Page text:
Thursday, March 22, 2007

Agile Project Leadership Network (APLN)

Leaders from the Agile community decided that something more should be said for those that manage agile and adaptive teams. Thus, Agile Project Leadership Network (APLN) was born. Here some information provided by their web site:

APLN was founded in 2004 by a group of people who are active in writing about, practicing, and evangelizing the movement towards fast, flexible, customer value driven approaches to leading projects of many types. Although this organization is separate from the Agile Alliance, our intention is to work closely with that group within the software community, but also work with people and companies outside of software and IT to help them become better Project Leaders.

This group was also responsible for their own manifesto, called the Declaration of Interdependence (DOI). A group of managers, authors, consultants, and team members from different project and product domains came together to discover common ground with respect to Agile and Adaptive Management (Similar to the Agile Manifesto meeting of 2001). This group represented people from the software development community (Alistair Cockburn, Mike Cohn, Jim Highsmith), the product development community (Preston Smith), and the general project management community (Doug DeCarlo, Robert Wysocki). Six core values emerged from that collaboration:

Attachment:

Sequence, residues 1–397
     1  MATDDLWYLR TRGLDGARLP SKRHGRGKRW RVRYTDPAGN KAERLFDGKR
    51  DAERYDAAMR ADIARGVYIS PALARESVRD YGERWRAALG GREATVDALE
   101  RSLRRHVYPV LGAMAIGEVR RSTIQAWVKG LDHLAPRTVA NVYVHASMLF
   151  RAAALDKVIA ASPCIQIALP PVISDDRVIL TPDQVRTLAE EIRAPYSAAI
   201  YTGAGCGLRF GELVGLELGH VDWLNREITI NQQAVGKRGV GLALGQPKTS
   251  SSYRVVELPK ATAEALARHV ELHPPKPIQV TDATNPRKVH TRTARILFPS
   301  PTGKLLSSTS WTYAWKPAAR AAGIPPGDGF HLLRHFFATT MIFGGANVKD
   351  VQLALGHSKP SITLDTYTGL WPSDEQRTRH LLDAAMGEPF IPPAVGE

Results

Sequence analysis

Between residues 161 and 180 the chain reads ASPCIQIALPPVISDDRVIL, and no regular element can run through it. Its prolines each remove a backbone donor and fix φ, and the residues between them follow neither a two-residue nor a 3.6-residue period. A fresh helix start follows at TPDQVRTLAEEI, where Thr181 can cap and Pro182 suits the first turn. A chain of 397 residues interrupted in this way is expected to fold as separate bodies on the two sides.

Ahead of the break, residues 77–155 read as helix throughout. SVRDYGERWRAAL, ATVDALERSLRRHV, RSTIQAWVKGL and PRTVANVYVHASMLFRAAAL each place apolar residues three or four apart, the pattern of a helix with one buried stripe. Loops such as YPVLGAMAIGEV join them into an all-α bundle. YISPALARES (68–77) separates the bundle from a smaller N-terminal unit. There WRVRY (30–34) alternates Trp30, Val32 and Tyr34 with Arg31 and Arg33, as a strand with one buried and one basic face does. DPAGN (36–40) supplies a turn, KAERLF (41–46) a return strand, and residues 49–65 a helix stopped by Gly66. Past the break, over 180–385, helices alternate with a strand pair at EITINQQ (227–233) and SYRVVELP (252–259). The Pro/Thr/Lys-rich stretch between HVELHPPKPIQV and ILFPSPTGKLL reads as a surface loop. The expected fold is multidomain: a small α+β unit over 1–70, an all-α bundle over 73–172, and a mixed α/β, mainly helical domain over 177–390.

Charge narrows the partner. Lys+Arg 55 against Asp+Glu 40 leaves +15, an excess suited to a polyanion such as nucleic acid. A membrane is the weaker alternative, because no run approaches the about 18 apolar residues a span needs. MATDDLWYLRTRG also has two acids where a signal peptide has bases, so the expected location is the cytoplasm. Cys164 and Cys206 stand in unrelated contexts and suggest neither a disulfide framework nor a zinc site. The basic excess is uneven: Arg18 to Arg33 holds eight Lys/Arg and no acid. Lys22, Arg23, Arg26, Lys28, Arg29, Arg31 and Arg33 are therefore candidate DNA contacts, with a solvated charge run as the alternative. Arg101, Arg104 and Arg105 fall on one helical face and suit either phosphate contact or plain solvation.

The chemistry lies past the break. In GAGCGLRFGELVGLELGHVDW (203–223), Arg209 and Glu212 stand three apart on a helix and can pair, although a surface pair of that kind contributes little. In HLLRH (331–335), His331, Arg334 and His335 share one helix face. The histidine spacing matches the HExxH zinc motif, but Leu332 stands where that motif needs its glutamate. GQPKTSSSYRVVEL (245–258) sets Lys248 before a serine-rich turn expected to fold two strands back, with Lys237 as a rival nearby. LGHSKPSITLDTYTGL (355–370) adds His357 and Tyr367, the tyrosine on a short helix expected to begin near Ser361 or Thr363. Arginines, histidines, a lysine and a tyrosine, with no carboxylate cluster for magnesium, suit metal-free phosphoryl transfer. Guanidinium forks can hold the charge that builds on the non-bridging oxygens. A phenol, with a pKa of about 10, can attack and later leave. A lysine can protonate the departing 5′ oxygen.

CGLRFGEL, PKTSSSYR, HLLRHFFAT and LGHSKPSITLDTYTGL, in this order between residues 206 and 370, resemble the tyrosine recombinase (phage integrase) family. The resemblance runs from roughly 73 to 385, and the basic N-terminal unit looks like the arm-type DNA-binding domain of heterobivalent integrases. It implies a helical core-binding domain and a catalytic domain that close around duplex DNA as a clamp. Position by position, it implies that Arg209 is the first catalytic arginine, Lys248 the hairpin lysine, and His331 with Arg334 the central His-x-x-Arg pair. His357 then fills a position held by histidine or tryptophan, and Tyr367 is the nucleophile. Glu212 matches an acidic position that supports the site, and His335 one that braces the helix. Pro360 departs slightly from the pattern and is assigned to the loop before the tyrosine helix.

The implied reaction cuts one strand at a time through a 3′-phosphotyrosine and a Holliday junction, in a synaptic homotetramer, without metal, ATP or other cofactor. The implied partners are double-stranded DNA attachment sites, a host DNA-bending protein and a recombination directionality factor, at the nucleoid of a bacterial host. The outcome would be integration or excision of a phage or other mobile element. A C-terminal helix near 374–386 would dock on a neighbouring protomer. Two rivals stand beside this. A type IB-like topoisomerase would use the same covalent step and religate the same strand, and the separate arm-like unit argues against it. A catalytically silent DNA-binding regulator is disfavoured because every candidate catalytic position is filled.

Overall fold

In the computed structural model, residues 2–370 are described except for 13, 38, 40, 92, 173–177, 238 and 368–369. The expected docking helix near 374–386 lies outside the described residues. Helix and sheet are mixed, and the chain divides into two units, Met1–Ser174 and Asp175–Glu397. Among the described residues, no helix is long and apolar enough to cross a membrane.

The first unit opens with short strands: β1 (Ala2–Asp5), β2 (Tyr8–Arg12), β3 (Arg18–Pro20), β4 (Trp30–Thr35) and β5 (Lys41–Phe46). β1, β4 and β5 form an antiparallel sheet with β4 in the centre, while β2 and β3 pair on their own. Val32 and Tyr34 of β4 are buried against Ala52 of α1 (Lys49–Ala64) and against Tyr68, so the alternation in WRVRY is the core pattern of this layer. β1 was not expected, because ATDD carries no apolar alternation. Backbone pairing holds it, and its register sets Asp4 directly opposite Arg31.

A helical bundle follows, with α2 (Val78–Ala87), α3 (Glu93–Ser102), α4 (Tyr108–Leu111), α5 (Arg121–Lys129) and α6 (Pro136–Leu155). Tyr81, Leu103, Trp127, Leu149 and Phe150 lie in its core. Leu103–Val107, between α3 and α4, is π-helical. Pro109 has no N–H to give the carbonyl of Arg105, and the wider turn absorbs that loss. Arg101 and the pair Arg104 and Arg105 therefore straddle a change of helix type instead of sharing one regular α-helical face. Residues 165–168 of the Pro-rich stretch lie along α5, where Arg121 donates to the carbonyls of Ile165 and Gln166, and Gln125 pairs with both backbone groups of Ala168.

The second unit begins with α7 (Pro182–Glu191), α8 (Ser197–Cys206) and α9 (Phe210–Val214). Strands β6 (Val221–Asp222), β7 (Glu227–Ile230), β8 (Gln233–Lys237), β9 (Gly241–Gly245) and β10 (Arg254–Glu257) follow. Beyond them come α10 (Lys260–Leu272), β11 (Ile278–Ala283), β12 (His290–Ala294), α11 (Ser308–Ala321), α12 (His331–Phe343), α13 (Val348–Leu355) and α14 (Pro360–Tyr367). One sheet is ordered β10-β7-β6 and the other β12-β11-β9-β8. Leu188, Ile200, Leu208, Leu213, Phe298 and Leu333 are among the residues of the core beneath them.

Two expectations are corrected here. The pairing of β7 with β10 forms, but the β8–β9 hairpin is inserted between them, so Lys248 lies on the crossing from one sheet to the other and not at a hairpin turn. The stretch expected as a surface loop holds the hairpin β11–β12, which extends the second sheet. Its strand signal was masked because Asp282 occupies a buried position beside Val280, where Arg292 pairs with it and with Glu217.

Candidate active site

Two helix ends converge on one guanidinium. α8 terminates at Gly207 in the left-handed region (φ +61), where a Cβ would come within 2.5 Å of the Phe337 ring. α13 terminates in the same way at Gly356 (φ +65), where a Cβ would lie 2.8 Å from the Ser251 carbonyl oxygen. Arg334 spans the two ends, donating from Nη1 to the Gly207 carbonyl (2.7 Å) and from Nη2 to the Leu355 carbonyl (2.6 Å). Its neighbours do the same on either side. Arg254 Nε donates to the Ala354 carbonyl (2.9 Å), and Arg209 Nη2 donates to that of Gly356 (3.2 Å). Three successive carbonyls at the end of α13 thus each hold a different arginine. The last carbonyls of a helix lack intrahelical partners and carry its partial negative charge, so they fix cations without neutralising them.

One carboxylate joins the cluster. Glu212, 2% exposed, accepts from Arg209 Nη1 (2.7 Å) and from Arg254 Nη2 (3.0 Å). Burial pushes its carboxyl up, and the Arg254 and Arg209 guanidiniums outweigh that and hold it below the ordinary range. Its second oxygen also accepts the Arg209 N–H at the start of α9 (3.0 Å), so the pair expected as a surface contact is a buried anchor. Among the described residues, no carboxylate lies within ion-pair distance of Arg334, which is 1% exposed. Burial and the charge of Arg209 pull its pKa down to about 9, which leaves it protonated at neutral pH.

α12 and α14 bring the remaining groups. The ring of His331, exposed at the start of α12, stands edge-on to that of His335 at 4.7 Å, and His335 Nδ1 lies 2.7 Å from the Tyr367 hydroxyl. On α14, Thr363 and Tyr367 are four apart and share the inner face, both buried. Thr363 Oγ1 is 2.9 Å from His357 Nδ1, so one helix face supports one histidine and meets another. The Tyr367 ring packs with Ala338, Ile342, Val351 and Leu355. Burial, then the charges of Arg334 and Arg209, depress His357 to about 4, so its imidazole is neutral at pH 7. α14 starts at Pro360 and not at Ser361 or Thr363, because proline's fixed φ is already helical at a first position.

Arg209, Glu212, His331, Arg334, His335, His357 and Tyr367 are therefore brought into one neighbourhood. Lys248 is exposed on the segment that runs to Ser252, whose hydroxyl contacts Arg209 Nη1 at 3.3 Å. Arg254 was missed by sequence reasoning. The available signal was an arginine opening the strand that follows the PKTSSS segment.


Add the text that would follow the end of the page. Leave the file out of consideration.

1) We increase return on investment by making continuous flow of value our focus.
2) We deliver reliable results by engaging customers in frequent interactions and shared ownership.
3) We expect uncertainty and manage for it through iterations, anticipation, and adaptation.
4) We unleash creativity and innovation by recognizing that individuals are the ultimate source of value, and creating an environment where they can make a difference.
5) We boost performance through group accountability for results and shared responsibility for team effectiveness.
6) We improve effectiveness and reliability through situationally specific strategies, processes and practices.

From a executive management perspective, this is great material to sell upper management on the business advantages of moving to agile or adaptive development. They think in terms of management, and understand less about the inner workings of an agile team (either because they don't relate or don't desire that level of detail). This still speaks to the core values of agile, but in terms management likes to hear (I highlighted those terms above). If you are a manager or trying to sell management on agile, check out the APLN. They have some excellent resources. If you want to attend a local chapter of APLN, you can find out if your city has one here.

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